Strained graphene leads to pseudo-magnetic fields, bends physics even further

Darren Murph
D. Murph|08.02.10

Sponsored Links

Strained graphene leads to pseudo-magnetic fields, bends physics even further
Man, if only this had been discovered before Ariadne was tasked with building impossible dreams. A team of scientists caught high-fiving over at Lawrence Berkeley National Laboratory have a new and riveting announcement to share, and it revolves around our old and trusted friend, graphene. This go 'round, the self-proclaimed "extraordinary form of carbon" is being stressed to its max, but not without good reason. Thanks to inquisitive minds and a "stroke of serendipity," a research team was able to create magnetic fields in excess of 300 tesla by simply straining graphene in a certain way. For physicists, the discovery is a dream come true, particularly when you realize that magnetic fields in excess of 85 tesla were practically impossible to come across in a laboratory setting. The benefits here? It's honestly too early to tell, but gurus in the field are already suggesting that the "opportunities for basic science with strain engineering [are] huge." Something tells us Magneto would concur.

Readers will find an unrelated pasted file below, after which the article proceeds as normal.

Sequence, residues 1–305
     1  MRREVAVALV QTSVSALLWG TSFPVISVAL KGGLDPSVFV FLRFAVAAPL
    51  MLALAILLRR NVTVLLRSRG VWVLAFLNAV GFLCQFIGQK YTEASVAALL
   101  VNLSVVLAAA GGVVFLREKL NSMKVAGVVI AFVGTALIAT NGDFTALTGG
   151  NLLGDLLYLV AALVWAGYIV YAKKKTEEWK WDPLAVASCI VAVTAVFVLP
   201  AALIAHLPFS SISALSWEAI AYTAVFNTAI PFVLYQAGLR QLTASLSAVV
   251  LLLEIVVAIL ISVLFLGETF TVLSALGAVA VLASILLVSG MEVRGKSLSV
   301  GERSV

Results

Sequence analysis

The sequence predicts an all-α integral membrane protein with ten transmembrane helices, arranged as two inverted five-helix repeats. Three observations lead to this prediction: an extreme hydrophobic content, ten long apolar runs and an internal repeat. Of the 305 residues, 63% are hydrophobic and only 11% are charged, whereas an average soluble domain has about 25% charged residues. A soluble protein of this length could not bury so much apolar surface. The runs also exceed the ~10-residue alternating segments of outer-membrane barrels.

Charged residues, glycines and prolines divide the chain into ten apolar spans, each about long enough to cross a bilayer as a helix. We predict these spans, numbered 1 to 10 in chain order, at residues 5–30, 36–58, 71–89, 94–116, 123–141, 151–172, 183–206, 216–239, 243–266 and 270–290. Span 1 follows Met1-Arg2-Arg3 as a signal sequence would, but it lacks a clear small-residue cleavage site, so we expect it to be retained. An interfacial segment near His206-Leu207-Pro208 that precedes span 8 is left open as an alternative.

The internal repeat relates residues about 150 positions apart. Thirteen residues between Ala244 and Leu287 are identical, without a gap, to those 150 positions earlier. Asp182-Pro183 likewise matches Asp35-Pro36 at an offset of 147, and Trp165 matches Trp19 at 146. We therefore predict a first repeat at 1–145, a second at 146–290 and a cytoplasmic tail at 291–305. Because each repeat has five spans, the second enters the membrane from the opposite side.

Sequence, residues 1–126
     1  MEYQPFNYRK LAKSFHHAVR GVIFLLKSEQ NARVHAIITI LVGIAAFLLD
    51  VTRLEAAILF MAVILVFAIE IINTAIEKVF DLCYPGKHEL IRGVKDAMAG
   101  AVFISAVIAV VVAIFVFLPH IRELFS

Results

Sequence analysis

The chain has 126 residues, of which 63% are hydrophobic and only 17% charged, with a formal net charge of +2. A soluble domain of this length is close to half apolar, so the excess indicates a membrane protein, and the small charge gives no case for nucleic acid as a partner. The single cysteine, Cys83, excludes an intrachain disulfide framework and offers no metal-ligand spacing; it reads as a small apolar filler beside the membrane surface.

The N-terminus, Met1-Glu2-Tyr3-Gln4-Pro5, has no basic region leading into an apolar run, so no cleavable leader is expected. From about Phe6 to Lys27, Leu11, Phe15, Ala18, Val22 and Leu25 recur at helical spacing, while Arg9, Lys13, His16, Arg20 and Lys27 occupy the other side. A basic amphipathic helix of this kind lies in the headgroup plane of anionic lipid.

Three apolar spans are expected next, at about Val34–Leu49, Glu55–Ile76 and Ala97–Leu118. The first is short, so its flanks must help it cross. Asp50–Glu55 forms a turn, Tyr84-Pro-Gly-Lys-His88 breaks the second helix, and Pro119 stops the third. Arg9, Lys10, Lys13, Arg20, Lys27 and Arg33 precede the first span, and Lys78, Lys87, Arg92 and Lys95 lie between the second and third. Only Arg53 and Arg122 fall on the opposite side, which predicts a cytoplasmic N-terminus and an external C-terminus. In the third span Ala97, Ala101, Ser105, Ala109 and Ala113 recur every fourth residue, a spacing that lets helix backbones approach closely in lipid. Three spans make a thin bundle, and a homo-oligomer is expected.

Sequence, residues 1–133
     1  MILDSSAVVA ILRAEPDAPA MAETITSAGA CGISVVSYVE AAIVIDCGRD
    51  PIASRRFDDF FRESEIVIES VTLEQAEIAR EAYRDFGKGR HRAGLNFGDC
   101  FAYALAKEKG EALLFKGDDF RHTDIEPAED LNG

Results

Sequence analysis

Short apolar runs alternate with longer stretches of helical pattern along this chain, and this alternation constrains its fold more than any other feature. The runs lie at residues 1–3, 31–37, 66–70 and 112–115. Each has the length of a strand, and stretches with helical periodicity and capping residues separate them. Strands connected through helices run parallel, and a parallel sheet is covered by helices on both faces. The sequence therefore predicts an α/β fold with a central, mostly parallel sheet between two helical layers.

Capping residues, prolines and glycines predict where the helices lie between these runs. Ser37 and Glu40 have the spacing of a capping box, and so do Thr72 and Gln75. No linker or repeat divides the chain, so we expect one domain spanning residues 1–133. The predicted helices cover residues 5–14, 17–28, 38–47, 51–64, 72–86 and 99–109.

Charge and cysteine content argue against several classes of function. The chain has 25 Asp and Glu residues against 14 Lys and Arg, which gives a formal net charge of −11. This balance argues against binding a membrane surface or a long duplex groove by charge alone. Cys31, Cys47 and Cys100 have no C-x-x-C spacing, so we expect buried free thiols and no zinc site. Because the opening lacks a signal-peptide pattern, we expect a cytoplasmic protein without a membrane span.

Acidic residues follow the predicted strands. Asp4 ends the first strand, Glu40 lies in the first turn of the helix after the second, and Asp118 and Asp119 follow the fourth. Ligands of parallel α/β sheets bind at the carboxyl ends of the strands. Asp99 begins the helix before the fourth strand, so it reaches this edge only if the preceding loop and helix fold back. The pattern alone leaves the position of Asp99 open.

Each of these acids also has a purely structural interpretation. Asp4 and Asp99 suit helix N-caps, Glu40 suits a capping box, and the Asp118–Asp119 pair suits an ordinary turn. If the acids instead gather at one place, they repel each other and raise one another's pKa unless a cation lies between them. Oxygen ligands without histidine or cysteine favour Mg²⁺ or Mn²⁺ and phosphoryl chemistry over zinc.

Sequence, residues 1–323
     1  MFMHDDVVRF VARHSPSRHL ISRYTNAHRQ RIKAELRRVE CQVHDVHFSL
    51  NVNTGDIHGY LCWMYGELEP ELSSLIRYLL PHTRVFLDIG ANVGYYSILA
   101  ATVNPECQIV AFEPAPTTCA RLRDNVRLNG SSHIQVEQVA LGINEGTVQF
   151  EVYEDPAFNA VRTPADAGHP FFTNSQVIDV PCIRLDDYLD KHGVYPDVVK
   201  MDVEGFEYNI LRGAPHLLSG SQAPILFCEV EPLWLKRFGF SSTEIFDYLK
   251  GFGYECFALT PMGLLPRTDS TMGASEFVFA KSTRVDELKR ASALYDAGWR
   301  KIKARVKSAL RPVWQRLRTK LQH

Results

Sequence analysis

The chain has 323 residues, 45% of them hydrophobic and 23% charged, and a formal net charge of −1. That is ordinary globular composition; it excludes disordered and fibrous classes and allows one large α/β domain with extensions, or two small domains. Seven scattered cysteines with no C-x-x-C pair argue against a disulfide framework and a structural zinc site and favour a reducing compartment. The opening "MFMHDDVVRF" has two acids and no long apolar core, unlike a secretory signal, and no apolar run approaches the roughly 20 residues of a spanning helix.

All products recommended by Engadget are selected by our editorial team, independent of our parent company. Some of our stories include affiliate links. If you buy something through one of these links, we may earn an affiliate commission.
Popular on Engadget